I asked about her parents — I’d made my pre-fortune wish for the happiness and good health of mine — and Kim said, “Sure, of course! For her parents too.”

 

Seeing my good luck, Dad decided to give it a try too. And he landed on the worst page in the book — about Yama, the god of judgment, who normally exists between hell and earth. When I asked Kim about Yama, he said, “In one day, the god of Yama got into hell to see what was going on. In one day, the assistants of the Yama burned everything in the hell.” 

 

His wish had been for my good fortune.

 

On Kim’s urging, we started spreading money around — 100 Riel notes (VND500) to anyone who asked. We went up a winding staircase to pay our respects to the golden Buddha carved into the mountaintop, touching his eyes and mouth, dropping 100’s everywhere we could.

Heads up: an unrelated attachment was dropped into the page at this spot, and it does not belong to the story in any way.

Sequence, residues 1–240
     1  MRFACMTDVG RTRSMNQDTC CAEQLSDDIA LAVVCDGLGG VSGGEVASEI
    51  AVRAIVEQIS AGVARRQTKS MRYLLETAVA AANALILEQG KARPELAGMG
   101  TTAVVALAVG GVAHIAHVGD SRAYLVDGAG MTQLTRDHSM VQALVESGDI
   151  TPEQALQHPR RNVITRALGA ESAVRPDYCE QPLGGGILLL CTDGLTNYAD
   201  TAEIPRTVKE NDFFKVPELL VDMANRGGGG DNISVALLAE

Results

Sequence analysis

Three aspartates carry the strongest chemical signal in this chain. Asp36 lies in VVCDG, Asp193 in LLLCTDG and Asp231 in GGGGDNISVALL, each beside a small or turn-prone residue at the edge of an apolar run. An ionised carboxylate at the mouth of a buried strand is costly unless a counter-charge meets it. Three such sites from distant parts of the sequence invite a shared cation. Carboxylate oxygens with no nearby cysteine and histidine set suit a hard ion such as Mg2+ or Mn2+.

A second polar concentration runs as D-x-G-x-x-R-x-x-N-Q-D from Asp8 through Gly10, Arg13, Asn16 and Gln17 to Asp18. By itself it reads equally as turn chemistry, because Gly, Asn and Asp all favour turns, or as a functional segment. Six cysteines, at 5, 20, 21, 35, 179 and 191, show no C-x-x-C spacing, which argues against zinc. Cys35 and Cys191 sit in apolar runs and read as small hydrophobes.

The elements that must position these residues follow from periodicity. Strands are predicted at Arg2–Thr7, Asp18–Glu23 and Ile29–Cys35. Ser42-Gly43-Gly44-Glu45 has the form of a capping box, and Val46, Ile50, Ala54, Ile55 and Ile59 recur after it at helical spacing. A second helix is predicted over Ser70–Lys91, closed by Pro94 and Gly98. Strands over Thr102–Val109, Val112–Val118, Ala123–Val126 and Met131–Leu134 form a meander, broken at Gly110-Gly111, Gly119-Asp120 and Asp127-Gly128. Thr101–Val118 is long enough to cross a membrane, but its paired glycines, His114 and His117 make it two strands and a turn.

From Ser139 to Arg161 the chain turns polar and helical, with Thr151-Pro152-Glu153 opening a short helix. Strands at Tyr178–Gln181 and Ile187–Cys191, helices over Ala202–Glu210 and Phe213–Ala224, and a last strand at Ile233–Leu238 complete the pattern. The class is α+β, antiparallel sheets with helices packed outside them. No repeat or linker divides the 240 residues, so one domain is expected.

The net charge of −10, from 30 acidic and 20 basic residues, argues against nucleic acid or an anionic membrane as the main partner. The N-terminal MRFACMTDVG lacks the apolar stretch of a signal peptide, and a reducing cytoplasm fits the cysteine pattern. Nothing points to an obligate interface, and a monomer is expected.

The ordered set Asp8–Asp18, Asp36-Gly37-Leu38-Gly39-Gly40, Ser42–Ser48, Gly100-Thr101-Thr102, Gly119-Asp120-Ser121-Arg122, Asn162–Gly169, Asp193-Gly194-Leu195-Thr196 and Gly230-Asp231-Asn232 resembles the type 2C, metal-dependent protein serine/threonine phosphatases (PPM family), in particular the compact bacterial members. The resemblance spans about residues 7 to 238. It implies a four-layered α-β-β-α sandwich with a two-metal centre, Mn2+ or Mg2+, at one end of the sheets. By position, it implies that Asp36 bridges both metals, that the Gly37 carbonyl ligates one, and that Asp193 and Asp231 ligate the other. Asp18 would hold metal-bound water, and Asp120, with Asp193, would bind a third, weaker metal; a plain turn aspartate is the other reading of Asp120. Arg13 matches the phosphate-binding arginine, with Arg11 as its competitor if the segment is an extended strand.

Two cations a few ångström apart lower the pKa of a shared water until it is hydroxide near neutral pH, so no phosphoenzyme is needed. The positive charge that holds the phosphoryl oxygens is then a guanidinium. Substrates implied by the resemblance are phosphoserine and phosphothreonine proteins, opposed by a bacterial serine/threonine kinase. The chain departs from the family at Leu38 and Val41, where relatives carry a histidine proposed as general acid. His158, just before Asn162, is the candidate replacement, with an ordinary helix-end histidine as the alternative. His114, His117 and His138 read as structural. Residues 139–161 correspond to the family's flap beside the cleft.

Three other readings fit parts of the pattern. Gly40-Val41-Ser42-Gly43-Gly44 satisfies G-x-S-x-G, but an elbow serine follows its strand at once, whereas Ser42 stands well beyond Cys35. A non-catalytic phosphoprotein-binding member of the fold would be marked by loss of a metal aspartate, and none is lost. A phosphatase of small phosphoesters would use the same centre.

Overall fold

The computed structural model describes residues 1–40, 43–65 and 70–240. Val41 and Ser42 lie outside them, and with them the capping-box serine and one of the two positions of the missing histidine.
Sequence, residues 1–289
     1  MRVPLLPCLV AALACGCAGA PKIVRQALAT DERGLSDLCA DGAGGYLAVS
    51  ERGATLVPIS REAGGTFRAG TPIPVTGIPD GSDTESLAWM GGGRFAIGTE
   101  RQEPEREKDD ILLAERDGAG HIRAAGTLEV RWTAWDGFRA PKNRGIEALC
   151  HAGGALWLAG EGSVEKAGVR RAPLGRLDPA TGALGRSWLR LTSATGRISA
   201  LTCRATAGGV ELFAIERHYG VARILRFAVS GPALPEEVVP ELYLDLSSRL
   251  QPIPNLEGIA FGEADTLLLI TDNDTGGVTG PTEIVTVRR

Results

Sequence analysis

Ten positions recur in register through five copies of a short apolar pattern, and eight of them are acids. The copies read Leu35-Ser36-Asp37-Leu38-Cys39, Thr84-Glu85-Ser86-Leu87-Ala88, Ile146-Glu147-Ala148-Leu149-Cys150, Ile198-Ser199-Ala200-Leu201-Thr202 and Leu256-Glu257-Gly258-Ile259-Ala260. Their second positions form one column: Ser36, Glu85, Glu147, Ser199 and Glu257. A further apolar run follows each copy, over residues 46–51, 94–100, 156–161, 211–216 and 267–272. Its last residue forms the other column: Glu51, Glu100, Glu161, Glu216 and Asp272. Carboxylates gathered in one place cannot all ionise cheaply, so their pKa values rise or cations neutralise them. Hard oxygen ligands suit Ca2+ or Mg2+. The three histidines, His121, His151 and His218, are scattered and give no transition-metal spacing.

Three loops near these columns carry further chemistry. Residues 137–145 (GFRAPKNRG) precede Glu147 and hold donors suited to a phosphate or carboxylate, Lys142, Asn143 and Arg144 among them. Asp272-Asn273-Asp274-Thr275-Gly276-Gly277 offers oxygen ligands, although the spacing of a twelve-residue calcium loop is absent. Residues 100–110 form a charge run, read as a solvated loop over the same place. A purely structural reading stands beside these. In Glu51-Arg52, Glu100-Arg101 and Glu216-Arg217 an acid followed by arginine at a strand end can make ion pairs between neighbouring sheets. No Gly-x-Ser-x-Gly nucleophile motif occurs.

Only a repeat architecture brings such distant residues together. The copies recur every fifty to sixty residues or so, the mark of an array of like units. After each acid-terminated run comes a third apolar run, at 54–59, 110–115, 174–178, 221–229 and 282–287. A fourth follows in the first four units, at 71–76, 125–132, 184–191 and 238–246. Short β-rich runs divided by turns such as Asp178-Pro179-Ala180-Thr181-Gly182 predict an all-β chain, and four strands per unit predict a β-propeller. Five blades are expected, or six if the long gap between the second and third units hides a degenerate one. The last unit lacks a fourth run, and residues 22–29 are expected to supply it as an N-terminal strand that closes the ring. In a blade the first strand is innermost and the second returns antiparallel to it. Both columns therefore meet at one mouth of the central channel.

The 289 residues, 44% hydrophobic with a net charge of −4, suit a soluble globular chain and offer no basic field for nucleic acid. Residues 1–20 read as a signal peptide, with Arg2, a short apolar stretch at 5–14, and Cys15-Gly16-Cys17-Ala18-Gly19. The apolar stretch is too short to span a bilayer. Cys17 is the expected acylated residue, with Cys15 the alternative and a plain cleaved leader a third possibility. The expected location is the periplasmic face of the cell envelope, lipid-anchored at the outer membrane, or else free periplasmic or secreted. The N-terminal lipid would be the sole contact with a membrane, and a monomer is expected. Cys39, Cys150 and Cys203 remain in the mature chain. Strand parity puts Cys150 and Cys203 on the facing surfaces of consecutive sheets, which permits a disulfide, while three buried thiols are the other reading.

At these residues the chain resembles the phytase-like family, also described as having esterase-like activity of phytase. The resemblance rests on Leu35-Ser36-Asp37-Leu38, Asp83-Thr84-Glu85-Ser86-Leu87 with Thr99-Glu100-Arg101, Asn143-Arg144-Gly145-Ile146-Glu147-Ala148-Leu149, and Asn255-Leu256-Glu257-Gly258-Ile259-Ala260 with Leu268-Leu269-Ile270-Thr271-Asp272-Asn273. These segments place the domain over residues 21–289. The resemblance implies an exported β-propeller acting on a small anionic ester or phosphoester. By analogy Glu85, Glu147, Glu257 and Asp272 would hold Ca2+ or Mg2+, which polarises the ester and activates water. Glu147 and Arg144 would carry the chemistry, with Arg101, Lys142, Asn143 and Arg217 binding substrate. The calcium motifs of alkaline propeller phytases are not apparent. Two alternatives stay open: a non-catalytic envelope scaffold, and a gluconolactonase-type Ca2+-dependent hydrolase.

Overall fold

Later, swimming under a nearby waterfall, dunking young monks underwater while Dad watched, I felt like we’d finally redeemed ourselves.

 

Father Knows Best

 

 

Dad warned me that if we did certain things in our fairly upmarket hotels, we wouldn’t be invited back. He reminded me to write a TripAdvisor review for Karavansara, our Siem Reap accommodation. The sweet young manager Rel apparently talked with him for “10 minutes” about how nice it would be if we would do this. “It’s a good job for her,” he reasoned, “and it’s a small thing we can do to help her out.”